The illustration features Mo Willem’s full-color, hand drawn characters on top of black and white photographs. The effect is so different and interesting; you can’t stop looking at all the detail. The story is realistic and clever, and in my experience reading it to kids, always keeps their attention. Knuffle Bunny Too: A Case of Mistaken Identity is a 2008 Caldecott Honor winner and the sequel to Knuffle Bunny: A Cautionary Tale, a 2005 Caldecott Honor winner.

Mo Willems started his career in television, writing for Sesame Street and earning six Emmys. He is the author of many favorite children’s books, including Don’t Let the Pigeon Drive the Bus (a 2004 Caldecott Honor winner) and its sequels, as well as the Elephant and Piggie early reader series.

Perfect for girls and boys ages 4 to 8.

Too Many Frogs!

Sometimes those that are different from us can be…well, annoying. Even little kids can tell you who they find annoying, once they know what it means. It may be the kid that won’t let them take a turn on the swing, or the one that writes on their hand in art class. In any event, there are times when someone we find really annoying at first, becomes a friend. This is the premise of Too Many Frogs!, written by Sandy Asher and illustrated by Keith Graves.  When conservative Rabbit gets an unexpected “knock-knockety-knocking” on his front door from Froggie, his life will never be the same.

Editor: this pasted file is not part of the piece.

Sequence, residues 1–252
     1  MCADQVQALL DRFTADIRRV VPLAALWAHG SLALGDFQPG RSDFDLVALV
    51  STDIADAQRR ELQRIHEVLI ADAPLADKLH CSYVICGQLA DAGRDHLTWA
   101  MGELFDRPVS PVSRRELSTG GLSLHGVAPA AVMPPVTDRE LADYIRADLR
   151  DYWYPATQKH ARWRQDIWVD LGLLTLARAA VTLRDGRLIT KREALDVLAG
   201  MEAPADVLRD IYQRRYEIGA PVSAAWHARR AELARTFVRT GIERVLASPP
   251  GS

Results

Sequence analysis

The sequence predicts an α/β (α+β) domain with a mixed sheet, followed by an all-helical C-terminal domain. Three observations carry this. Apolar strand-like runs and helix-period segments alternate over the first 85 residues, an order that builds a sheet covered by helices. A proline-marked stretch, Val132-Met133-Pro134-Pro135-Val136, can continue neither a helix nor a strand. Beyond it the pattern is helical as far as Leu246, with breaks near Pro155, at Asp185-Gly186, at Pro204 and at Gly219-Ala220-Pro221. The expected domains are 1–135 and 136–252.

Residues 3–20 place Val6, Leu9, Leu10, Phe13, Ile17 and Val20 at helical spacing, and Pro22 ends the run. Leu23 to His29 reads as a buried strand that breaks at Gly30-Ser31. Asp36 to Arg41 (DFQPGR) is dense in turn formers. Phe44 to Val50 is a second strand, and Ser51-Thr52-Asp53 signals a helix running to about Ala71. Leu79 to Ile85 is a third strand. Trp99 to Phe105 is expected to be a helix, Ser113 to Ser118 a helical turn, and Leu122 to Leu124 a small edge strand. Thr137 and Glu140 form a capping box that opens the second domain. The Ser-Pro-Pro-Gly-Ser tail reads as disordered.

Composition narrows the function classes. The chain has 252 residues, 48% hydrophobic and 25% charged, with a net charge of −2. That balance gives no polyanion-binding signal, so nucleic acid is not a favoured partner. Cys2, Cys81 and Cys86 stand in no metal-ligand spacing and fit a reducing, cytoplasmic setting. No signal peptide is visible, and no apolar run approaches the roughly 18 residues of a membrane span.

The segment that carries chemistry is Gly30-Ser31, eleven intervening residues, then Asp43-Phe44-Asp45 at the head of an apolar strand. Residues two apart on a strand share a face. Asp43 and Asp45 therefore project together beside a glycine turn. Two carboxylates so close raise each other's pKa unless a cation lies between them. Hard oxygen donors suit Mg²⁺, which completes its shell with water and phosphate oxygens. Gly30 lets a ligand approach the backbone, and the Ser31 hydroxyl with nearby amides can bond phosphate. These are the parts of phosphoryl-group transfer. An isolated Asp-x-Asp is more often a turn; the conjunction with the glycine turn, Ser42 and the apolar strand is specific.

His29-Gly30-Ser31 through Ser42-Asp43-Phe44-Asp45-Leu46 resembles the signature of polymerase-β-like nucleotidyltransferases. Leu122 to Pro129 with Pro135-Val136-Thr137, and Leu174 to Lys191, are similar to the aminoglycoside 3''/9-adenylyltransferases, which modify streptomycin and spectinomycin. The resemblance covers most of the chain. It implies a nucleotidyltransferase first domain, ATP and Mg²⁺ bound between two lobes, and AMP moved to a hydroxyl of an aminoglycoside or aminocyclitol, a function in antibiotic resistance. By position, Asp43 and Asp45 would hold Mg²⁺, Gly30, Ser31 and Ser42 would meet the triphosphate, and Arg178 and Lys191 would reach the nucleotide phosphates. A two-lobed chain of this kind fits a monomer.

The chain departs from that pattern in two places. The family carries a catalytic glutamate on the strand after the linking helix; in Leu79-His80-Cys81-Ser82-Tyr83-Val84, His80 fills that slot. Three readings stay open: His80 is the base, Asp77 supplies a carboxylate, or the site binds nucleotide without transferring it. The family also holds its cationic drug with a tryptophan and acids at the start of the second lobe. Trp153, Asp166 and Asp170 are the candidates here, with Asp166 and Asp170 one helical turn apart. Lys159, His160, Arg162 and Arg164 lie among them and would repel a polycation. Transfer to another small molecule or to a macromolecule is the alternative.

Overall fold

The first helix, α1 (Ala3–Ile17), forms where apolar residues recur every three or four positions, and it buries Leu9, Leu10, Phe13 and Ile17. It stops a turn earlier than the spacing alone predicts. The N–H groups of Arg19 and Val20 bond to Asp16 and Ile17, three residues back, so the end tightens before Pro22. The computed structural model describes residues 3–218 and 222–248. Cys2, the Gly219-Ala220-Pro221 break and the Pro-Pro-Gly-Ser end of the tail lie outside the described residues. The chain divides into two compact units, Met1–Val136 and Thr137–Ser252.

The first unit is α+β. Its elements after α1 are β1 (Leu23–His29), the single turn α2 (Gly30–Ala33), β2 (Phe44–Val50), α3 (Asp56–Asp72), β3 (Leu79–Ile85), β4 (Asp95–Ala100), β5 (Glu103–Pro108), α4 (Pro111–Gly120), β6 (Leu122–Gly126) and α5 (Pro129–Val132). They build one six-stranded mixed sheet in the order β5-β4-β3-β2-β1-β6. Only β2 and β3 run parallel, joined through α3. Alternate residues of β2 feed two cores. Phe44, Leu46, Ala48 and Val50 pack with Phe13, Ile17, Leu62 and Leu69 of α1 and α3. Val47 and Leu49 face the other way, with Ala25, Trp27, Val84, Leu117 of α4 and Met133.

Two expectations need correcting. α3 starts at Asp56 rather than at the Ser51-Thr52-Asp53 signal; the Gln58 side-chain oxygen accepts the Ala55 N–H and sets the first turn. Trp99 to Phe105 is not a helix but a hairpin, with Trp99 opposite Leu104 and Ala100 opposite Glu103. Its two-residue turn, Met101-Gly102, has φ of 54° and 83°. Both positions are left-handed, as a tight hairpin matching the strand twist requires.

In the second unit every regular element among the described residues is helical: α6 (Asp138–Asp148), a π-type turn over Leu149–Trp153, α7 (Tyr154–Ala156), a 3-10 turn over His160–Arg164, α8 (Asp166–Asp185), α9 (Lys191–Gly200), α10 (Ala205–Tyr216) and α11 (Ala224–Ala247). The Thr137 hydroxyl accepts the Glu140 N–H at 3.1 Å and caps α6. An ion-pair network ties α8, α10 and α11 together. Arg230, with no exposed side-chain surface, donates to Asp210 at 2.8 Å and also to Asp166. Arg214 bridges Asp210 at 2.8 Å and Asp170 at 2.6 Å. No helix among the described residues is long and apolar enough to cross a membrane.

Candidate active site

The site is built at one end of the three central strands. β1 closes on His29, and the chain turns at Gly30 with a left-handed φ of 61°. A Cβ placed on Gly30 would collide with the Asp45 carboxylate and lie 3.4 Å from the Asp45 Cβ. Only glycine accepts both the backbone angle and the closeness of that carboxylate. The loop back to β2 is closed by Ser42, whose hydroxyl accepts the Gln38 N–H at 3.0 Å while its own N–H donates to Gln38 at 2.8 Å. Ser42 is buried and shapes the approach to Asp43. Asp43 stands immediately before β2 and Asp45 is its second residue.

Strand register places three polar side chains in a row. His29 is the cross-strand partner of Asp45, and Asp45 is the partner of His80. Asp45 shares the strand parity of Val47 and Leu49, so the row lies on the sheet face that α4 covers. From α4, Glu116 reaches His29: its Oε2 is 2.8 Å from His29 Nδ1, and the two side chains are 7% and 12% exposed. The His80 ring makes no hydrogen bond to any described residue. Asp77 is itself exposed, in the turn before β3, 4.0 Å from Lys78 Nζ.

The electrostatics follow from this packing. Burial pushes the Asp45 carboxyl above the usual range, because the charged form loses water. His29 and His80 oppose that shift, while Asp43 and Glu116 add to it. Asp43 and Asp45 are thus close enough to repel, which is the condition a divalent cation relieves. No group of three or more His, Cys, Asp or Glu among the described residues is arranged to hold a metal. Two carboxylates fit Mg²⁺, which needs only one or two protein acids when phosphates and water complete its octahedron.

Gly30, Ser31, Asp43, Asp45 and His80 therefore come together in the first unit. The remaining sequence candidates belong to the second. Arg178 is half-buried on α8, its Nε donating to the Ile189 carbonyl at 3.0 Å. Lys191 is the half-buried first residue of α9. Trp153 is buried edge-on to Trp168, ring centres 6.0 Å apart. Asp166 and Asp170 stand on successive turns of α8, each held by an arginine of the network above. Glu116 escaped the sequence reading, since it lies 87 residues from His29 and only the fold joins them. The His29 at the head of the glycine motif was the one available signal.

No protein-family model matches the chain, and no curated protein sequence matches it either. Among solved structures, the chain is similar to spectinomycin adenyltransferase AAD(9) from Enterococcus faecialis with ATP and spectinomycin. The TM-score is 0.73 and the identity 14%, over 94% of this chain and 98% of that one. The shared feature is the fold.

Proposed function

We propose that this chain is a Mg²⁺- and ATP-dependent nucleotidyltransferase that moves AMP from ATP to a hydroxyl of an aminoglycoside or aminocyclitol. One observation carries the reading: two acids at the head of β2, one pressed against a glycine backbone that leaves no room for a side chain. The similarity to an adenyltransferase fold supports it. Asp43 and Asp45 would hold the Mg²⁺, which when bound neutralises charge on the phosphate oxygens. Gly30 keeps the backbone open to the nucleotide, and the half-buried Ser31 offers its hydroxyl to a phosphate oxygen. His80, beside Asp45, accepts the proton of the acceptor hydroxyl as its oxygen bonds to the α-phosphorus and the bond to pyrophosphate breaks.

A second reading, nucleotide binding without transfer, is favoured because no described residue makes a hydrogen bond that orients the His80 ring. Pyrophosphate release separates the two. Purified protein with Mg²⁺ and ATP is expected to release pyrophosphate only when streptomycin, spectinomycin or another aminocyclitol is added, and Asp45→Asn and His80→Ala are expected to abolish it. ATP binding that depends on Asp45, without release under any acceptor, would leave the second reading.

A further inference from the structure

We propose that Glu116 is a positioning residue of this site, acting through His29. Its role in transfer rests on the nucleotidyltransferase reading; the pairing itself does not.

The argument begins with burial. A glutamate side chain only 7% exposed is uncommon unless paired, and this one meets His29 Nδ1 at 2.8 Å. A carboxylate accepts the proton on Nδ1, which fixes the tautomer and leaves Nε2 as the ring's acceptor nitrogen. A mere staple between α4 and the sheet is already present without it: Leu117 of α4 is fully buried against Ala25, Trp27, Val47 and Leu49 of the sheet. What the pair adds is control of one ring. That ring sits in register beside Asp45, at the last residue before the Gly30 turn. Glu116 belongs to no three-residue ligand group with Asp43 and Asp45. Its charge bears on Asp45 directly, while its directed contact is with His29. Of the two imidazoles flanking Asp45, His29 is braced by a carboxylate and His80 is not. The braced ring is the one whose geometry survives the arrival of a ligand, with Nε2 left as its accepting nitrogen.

There are a lot of things to love about this book, but given that I’m recommending it as a Read with Dad pick, let me start there. With Rabbit being a sort of persnickety character and Froggie being boisterous and a little goofy, this book is perfect for multiple voices that guys can do really well!  My husband has read it our oldest son’s school classes over the years and his voices are HILARIOUS. The kids love it and it pulls them into the story even more. He gives Rabbit a real nasal, whiny type of voice and Froggie a really deep, raspy one. You can also do it with two readers–one for each character–and that’s fun too.  It’s like you’re putting on a little play for your child. Trust me, you’ll get repeat requests.

Too Many Frogs! does a great job of showing just how different people can be. Rabbit and Froggie are complete opposites. Rabbit lives a simple life, and Froggie is anything but simple. As the story continues, Rabbit—being very set in his ways—grows more and more frustrated with Froggie’s different style of doing things. Rather than tell him, he keeps it inside until he finally lets his feelings out in a big way. Once Froggie is gone, Rabbit has a chance to think about the things he did like about his new friend and misses him—learning that different can sometimes be better. In addition to being really fun to read, the illustration is fantastic and detailed, down to the mushrooms on the doormat and the ladybugs on the lamps. Use this book as an opportunity to discuss patience and the idea of trying new things with your child. Maybe you’ll even get them to take a bite of broccoli at dinner.

Sandy Asher began her career began writing stories, poems, and articles in children’s magazines. Her first book for young readers was published in 1980 and she’s written 25 more books since, including Too Many Frogs! and its sequel, What a Party!. Texas-based artist Keith Graves is the author and illustrator of several children’s books including Frank was a Monster who Wanted to Dance, Loretta: Ace Pinky Scout, and Uncle Blubbafink’s Serious Ridiculous Stories.

Perfect for boys and girls, ages 3 to 8.

Great Books for Dad this Month at Wise Owl!

Hi everyone! Isn’t June such a great month? School is out for the kiddos, the warm weather is finally hitting most of the country, summer officially begins, and we have the big daddy holiday of the year—Father’s Day!